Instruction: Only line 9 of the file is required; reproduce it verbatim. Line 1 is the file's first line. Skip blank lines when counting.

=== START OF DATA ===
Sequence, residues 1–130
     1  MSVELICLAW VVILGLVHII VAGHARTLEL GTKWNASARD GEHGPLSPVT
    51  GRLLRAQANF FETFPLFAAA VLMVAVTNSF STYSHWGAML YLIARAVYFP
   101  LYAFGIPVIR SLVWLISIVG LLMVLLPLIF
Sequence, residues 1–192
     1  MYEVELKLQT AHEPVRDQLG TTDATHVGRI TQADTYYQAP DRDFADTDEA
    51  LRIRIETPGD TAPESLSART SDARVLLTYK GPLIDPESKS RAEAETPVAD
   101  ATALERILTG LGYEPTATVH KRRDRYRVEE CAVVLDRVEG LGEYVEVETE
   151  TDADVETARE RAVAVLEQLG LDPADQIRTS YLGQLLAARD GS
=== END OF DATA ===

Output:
   151  TDADVETARE RAVAVLEQLG LDPADQIRTS YLGQLLAARD GS